Inside the outlet, two small inductive coils measure very precisely the current traveling through the hot wire and the neutral wire. These numbers should be equal in all cases. Whether the load is connected to that outlet, or to one downstream, all current supplied through the hot wire should return through neutral.


A close-up view of the internal coils and contacts of the GFCI receptacle. Near the left, the long coil is a solenoid that switches the circuit off. On the right, the two nested sensing coils detect the hot and neutral currents. In the center, contacts switch the circuit on and off, much like realy contacts.


If for any reason, the current supplied by the hot wire exceeds the current in the neutral wire by more than 5mA, it instantly disconnects the circuit with a small solenoid coil. If this excess current is sensed, it would mean that electricity is somehow exiting the circuit and returning via another ground path. If water is present, that return path may be through anything metal nearby. 


Limitations of GFCI Outlets

That value of 5mA is the reason these devices are so critical in some situations, but ineffective in others. 

Certainly, if a GFCI outlet was connected to supply every device, no matter the voltage or phase of the supply, it would not harm the system — rather, it would be quite safe. But the bonded ground paths already accomplish the task and the circuit breakers will trip without damage to the machine anyway. They can be conveniently placed, locked out, and then reset once the fault has been corrected. GFCI outlets would add no value to protecting machines.

However, if that ground fault has the ability to use a person as a conductor, we must be very concerned for their safety. A current of only 10mA has the ability to cause very painful shocks and muscle contractions. Above 10mA, it’s reaching varying levels leading to fatality. If the ground fault occurs when a person is present and that person happens to be between the fault and the return path to ground, they can be killed.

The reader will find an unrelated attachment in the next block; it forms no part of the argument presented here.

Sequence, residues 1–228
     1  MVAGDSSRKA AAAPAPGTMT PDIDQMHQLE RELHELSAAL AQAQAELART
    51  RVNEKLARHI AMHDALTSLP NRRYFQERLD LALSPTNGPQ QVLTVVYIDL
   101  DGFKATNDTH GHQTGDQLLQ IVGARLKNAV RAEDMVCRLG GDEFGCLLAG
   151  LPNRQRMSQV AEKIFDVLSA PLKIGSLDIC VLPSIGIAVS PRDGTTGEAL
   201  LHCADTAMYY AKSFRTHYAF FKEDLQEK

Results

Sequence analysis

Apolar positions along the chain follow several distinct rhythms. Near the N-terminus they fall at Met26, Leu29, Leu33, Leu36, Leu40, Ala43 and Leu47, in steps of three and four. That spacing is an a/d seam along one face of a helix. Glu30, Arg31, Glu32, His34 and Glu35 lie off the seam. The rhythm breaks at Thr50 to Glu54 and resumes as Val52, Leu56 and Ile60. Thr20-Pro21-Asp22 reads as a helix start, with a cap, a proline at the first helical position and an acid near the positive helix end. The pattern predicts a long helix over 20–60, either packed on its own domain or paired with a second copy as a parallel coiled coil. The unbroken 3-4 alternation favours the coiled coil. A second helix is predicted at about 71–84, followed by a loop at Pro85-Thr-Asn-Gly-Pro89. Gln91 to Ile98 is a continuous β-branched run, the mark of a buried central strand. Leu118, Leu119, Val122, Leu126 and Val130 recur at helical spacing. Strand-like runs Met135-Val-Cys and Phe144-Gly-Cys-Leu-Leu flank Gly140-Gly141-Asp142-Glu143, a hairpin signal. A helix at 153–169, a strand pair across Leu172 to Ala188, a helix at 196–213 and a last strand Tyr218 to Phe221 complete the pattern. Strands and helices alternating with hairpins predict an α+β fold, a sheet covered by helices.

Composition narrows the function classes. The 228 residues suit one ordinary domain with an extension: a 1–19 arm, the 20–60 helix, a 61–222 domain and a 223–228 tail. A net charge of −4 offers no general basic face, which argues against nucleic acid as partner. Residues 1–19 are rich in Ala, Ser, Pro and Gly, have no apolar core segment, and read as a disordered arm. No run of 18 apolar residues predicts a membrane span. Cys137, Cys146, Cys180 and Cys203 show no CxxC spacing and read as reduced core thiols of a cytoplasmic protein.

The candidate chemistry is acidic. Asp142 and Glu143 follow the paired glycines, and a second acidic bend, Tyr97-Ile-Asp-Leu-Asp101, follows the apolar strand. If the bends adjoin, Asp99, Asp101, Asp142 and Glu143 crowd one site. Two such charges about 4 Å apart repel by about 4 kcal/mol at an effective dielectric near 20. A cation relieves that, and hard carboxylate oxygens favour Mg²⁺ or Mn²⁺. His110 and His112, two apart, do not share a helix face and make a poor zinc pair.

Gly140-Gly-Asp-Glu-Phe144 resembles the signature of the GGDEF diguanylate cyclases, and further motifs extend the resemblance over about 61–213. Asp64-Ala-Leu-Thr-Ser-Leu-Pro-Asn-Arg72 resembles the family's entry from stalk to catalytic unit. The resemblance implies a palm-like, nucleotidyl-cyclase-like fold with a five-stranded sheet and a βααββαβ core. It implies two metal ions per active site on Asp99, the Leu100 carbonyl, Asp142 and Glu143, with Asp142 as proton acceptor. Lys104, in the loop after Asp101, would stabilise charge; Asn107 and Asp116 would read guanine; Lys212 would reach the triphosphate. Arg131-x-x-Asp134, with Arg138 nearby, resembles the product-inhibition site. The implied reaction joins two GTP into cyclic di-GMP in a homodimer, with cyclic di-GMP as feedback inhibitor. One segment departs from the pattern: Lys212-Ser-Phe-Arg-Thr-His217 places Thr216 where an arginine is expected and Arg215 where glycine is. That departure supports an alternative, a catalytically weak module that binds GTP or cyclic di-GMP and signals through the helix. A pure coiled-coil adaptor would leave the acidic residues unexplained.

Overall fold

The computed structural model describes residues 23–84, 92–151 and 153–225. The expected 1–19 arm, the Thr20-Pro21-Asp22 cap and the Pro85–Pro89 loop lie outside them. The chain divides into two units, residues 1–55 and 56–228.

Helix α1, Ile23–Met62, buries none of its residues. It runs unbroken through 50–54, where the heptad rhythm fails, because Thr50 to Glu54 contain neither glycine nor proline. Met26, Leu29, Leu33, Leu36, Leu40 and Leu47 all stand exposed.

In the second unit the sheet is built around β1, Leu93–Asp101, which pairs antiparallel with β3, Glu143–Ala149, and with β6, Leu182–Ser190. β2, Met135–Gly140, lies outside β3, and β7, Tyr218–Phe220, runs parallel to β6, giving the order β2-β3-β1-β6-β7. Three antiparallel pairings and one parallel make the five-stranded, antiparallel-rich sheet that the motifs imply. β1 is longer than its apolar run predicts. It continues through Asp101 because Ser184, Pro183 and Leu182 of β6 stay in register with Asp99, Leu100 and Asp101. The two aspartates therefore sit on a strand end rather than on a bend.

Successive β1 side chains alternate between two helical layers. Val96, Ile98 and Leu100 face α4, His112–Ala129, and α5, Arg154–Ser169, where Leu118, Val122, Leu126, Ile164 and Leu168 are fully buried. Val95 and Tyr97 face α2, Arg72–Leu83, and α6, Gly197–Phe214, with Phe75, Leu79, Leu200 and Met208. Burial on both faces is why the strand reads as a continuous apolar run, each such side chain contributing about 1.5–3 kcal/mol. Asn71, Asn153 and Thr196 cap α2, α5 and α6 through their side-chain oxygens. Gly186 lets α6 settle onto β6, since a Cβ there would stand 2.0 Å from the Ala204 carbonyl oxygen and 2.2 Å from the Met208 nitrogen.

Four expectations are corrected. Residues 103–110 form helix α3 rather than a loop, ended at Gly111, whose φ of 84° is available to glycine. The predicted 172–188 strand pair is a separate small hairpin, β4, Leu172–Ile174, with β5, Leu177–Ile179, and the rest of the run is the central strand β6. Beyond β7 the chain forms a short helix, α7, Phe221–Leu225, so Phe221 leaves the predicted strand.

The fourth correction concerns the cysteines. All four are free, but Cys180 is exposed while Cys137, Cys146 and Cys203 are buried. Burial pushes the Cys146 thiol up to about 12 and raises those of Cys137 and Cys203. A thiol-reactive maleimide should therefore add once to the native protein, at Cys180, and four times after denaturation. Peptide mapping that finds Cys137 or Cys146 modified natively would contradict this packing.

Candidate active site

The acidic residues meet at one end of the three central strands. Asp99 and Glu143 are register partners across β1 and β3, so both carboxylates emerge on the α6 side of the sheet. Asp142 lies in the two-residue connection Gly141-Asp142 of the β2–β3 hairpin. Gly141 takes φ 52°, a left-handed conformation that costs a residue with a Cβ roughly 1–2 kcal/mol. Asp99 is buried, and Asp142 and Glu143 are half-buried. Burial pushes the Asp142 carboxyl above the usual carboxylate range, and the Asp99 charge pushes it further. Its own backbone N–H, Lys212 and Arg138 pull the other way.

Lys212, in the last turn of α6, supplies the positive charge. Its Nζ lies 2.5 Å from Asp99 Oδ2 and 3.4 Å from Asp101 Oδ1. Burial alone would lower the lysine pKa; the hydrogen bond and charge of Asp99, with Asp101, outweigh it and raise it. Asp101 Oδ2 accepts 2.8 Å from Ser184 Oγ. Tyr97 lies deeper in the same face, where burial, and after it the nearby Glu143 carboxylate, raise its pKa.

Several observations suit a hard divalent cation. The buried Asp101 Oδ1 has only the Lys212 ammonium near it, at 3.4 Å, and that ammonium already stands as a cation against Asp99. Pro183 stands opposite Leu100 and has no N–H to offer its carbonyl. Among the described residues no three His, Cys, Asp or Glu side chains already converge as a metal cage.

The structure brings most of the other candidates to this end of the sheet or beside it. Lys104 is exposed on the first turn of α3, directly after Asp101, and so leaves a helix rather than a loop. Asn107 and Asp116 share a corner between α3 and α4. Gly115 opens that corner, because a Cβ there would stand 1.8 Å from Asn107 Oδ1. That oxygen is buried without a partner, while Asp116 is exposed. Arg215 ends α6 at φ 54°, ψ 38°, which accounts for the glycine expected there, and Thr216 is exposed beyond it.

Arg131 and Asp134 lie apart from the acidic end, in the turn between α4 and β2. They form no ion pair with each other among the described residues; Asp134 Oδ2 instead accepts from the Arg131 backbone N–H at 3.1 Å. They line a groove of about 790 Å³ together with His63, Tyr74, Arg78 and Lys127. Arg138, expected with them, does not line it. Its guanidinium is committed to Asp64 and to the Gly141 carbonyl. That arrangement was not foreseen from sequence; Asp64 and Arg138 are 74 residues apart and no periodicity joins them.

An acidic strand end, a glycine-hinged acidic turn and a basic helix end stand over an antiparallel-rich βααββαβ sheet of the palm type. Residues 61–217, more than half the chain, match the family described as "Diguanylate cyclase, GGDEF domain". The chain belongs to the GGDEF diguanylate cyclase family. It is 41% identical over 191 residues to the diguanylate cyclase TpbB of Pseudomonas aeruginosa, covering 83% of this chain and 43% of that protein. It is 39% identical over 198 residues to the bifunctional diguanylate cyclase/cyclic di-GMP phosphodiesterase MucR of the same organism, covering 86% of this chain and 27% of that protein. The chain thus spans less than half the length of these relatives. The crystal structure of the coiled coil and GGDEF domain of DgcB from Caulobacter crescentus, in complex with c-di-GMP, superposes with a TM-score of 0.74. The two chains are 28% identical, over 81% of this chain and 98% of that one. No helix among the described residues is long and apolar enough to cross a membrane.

The fairly complex back view of the sensing circuit PCB, contained inside a GFCI receptacle. The circuitry compares the currents of the live and neutral wires.


Normal circuit breakers trip when the current exceeds 15A - 20A, or perhaps over 100A for many machines. This would far exceed a fatal current. What good is a circuit breaker for protection if the operator was killed long before excess current was reached? The purpose of the GFCI outlet is to trip the circuit if that current failure is more than 5 mA, a slight bit of shock may be felt, but that’s it.


When Should a GFCI Outlet be Used?

There are a few areas where GFCI outlets are required. First, by requirement from NFPA 70 section 210.8, they must be used in any location where moisture is an issue, including but not limited to bathrooms, outdoors, garages, sinks, and laundry rooms. Second, they may optionally be used for any outlet where the load may experience ground failures while an operator is nearby if that operator may become exposed to that electricity.

GFCI outlets do not exist for three-phase equipment, so they cannot be used there. They also would not be installed for single-phase equipment exceeding 20A (or the rating of the GFCI outlet) or anywhere a person would not be exposed to a ground failure without already having proper safety steps implemented.


A Quick Summary of GFCI Outlets

GFCI outlets are a standardized way of protecting human operators from injury and death resulting from an accidental connection from live electricity to ground. They are most heavily emphasized in areas where water may cause more rapid failure, and where human operators are not expected to utilize proper safety and PPE practices to keep themselves safe.